16 AUGUST 1957, Page 18


ull A R, RCA; V, Vox.) (RECORDING COMPANIES : D, Decca; f" 10 HAVING previously recorded the J existing seven symphonies of Vaughan Williams, Boult and the LPO have brought the series up to date with No. 8 (D) in a splendid performance that succeeds at once in giving it an impressive symphonic character and coherence without in any way playing down its extravagant orchestral invention, which is well to the fore and flaw- lessly clear in both performance and recording. Boult also contributes the most notable recent Tchaikovsky symphony with a lively perform- ance of No. 3 (D), the least recorded of the six. In Munch's exaggerated version of No. 4 (R) I found that if I wanted to hear the pps, the neigh- bours rapped on the wall in the ffs. Ansermet appears in an unexpected role as conductor of the latest issue of No. 6 (D), which does not maintain throughout the exciting quality of the first six or seven minutes, but has many very fine moments. He is still more worth hearing in Bartdk's Concerto for Orchestra (D), of which there are almost as many rival recorded versions as of the Tchaikovsky, but none superior to this, a consummate performance both as a symphonic interpretation and as a display of orchestral play- ing and recording. Munch, too, is better repre- sented than in the Tchaikovsky by Beethoven's Symphony No. 6 (R), an attractive and affec- tionate performance that, except in the slightly forced scherzo, succeeds in being at once brisk and leisurely in effect. The latest Eroica issue, under Reiner (R), lacks distinction and reduces the emotional power of Beethoven's music to a kind of military aggressiveness and sentiment. The same conductor's version of the favourite pairing of Strauss tone-poems, Till and. Tod (R), is a model of orchestral clarity, but the interpre- tations are again not compelling. Nor are those of Brahms's Symphonies Nos. 1 and 4 by Krips and Kubelik respectively (both D). Kubelik is heard in much better form in an attractive per- formance of Dvorak's Second that does not over- stress the `dramatic' element in it (D), and Krips in a springy and beautifully phrased one of Haydn's `Oxford' Symphony (D, medium-play). Two new Mozart symphonies, No. 34 by Bohm (D, medium-play) and No. 35 by Schuricht, with Schubert's `Unfinished' (D) are neither very dis- tinguished. For more relaxed listening the Twelve German Dances K.586, backed by Beethoven's similar set, are well conducted by Remoortel (V). A final symphony, off the beaten track and un- expectedly recommendable, is Chausson's, in a very fine performance by Robert Denzler (D) which seems to give it the stature of the Franck or even of the Schumann symphonies.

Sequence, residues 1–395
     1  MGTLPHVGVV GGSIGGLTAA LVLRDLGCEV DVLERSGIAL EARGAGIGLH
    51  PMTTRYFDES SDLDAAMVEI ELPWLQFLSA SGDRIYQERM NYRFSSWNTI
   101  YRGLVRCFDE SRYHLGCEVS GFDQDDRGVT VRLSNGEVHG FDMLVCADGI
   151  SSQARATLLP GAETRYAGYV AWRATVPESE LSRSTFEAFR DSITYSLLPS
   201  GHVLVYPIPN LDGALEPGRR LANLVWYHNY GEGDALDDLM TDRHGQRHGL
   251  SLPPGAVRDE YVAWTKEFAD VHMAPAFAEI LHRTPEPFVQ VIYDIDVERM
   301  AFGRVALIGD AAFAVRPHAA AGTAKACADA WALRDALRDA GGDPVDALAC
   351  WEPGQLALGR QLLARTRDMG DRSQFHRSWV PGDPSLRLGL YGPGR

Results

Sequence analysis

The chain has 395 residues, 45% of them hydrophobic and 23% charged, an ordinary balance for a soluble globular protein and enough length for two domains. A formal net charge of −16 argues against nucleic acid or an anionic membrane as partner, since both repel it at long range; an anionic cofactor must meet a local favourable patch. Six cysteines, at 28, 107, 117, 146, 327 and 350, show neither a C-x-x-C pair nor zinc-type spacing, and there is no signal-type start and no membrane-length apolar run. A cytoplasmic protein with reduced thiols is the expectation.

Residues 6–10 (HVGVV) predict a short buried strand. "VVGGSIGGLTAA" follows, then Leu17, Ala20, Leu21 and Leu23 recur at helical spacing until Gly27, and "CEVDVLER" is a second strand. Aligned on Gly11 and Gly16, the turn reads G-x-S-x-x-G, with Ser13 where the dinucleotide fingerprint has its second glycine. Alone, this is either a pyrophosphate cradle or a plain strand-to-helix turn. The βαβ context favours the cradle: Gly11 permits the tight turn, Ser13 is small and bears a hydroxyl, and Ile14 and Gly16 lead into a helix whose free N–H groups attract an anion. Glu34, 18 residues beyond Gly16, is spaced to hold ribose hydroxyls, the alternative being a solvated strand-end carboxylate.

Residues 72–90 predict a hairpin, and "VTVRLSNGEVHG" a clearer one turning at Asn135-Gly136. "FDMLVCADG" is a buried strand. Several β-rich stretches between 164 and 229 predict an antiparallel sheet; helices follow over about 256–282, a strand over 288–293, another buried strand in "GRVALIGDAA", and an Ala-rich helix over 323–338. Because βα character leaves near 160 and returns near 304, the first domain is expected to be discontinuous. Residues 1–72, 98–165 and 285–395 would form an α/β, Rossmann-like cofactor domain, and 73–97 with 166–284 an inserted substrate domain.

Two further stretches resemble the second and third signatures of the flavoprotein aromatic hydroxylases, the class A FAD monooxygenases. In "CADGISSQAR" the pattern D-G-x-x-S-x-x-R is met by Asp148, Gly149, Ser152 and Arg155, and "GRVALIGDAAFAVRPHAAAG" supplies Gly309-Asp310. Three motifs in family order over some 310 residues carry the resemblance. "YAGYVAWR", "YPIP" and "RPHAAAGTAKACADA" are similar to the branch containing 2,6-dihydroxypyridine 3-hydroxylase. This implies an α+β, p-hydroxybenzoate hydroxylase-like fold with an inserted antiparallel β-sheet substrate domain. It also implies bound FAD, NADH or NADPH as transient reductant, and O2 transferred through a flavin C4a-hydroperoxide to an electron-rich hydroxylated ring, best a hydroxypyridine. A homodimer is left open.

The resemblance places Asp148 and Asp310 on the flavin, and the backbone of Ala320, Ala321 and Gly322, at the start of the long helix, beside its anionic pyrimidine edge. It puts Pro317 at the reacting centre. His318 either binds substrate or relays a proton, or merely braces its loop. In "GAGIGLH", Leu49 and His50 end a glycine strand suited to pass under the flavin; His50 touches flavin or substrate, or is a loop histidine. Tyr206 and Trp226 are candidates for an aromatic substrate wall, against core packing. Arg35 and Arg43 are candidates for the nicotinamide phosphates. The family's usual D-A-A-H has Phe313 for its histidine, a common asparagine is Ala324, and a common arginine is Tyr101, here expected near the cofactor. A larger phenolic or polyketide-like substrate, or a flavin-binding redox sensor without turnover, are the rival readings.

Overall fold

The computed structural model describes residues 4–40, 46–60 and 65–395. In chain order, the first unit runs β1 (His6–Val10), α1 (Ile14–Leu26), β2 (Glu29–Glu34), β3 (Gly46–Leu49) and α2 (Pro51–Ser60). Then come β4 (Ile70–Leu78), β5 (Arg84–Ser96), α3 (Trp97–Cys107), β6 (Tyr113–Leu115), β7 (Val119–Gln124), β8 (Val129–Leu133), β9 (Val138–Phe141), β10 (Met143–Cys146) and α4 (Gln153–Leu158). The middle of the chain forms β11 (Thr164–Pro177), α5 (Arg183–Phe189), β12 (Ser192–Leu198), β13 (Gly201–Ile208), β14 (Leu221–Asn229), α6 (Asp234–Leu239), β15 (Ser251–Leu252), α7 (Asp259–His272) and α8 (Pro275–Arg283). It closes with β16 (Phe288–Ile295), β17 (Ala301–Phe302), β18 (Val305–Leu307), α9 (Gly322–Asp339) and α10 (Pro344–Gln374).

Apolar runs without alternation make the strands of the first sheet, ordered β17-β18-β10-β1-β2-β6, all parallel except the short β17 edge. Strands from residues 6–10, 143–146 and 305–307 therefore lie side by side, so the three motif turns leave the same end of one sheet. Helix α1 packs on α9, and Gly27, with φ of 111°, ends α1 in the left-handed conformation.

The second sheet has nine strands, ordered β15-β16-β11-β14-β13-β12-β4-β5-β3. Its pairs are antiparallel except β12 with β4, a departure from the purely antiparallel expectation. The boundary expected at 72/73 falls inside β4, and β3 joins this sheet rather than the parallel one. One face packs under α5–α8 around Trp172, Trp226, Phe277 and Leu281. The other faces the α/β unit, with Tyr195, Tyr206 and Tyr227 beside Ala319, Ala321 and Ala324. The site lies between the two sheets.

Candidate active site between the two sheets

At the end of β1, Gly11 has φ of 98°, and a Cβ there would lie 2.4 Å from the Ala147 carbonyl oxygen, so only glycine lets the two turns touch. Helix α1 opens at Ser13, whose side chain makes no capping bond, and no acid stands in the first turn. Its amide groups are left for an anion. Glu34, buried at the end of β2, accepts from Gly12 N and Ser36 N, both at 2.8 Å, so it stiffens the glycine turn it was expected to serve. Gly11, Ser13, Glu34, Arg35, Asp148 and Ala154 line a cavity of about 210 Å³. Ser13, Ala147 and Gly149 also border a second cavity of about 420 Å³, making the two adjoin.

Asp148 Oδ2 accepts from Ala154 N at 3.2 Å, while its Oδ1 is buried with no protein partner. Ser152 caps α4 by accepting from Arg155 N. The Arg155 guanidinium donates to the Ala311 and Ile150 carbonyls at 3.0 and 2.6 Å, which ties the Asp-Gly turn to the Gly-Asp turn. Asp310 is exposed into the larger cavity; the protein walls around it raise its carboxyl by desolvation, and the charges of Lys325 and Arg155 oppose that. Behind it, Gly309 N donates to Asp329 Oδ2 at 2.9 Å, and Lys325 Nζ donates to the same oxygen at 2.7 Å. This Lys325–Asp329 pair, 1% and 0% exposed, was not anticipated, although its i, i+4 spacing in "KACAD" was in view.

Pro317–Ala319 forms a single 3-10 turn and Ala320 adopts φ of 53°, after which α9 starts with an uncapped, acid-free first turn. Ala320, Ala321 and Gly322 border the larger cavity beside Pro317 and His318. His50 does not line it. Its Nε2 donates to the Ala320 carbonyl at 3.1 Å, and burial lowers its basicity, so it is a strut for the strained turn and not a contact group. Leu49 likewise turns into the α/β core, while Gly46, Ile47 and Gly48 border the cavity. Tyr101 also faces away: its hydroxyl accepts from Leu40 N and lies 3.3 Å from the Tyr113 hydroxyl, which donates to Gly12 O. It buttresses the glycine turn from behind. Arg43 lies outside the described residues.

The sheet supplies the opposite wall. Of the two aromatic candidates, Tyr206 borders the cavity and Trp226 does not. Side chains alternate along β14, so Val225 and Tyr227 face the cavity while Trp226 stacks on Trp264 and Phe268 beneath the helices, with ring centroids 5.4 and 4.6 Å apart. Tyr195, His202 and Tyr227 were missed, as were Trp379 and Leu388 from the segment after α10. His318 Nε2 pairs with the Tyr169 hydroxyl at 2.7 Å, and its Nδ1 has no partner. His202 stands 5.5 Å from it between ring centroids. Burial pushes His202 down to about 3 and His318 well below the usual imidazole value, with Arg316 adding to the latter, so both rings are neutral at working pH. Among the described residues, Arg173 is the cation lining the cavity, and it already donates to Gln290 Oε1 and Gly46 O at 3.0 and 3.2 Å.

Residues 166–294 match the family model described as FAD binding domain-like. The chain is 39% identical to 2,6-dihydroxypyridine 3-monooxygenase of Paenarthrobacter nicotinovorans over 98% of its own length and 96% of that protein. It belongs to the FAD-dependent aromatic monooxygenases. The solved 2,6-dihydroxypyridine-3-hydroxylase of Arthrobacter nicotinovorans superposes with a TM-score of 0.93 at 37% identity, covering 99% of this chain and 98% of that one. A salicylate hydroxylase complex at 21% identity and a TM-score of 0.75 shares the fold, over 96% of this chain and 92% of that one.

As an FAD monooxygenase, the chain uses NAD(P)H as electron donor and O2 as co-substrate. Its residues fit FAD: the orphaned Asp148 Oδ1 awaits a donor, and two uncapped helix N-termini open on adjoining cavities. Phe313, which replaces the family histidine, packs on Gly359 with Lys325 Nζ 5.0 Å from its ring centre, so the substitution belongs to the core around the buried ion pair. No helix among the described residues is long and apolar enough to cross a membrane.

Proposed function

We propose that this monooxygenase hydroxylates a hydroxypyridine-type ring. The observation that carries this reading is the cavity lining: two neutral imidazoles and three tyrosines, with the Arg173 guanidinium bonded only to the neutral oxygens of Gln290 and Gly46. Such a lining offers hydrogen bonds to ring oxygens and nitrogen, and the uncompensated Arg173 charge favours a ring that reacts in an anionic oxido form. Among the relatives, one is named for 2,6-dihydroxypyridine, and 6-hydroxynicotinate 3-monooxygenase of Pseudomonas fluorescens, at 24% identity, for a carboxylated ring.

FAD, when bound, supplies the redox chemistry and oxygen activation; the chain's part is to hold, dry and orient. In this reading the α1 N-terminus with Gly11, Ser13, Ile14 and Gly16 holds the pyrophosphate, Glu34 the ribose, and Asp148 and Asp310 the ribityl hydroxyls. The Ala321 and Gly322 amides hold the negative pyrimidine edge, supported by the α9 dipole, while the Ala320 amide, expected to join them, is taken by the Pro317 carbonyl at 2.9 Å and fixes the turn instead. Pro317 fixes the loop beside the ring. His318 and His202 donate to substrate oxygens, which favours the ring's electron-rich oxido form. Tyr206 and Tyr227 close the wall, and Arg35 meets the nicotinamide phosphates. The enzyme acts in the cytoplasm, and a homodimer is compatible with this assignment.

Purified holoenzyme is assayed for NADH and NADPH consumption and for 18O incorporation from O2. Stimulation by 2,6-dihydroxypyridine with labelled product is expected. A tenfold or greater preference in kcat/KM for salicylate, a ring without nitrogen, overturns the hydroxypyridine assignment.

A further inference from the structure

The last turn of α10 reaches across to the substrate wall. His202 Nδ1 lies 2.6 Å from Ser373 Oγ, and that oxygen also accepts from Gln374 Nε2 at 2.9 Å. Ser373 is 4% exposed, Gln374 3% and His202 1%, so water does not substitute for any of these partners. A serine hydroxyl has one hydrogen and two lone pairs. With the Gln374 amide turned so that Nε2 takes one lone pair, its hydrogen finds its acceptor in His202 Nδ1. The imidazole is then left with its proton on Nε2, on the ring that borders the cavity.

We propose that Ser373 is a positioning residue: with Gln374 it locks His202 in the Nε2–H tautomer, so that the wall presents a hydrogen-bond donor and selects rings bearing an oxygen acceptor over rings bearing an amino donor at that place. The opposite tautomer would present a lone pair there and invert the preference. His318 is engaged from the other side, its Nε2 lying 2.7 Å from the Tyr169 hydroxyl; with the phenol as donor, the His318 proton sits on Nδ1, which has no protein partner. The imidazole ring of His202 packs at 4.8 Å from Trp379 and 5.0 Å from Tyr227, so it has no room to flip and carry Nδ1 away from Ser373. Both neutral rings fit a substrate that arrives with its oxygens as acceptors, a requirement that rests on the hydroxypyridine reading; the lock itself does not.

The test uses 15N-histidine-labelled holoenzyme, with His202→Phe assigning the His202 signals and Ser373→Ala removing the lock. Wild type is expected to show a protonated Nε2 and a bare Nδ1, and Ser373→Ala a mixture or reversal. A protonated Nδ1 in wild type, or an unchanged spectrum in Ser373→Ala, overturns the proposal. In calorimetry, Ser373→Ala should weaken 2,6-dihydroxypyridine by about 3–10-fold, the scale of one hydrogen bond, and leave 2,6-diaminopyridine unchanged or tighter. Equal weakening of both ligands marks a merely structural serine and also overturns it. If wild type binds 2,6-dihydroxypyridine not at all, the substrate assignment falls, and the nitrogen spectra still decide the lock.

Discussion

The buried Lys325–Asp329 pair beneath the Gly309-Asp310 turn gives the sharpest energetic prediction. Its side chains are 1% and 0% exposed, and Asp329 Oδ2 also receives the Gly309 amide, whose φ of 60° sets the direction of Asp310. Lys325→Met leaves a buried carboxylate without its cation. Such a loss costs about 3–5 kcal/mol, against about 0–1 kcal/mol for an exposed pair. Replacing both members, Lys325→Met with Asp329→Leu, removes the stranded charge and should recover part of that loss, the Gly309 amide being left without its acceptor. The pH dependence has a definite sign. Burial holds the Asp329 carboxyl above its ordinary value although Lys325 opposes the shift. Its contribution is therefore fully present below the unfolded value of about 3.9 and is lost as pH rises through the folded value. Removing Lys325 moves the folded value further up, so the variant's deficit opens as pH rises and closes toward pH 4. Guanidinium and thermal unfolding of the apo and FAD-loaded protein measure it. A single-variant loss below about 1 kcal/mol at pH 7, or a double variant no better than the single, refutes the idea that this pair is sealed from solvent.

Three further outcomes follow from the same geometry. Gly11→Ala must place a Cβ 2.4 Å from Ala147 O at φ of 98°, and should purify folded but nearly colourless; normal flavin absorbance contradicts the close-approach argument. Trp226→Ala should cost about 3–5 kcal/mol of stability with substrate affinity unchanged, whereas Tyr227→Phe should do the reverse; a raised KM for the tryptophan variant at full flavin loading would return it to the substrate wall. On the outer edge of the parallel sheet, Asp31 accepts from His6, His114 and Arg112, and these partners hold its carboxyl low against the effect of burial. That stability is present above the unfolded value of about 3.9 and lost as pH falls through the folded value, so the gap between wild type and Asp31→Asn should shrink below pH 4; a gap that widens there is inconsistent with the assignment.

Among more modern orchestral works sym- phonies give way to ballets. The most important is Britten's Prince of the Pagodas, almost com- plete, conducted by the composer (D, two records), which allows the much-to-be-desired leisurely and repeated study of the fantastic riches of invention and operatic musical organisation of this very beautiful score. Van Beinum's existing records with the LPO of the Suite No. 1 from Elgar's Wand of Youth, which, too, can almost be classed as a ballet, has been reissued now with the Suite No. 2 on the back (D), making an acceptable if not ideal record of an enchant- ing work. The latest of many versions of Stravinsky's Rite of Spring, under Monteux (R), will be welcome to those who consider his 78 San Francisco set still the best available. The nevi one, with the Paris Conservatoire Orchestra, is also masterly, though I should not place it ahead of all its LP rivals, among which Stravinsky's own performance obviously has the strongest claim to anybody's money. ProkOfiev's 1929 Diaghilev ballet The Prodigal Son appears in an excellent first recording, complete except for a few small cuts, under Leon Barzin (V). Though not one of his most inventive works, it has some beautiful pages in the mature lyrical style of his later years. A slightly earlier and much more Twentyish ballet The Jar, with a lively neo- classical score by Casella, is brilliantly conducted by Previtali, with a superb performance of Respighi's Pines of Rome on the back (D).

Some very good string orchestral playing by the Stuttgart Chamber Orchestra under Munchinger may be heard on a record contain- ing Barber's Adagio, Berkeley's Serenade, Five Pieces (from Das neue Werk Op. 44) by Hinde- mith, and Martin's Passacaglia, which is the most interesting piece in a rather uneven programme (D).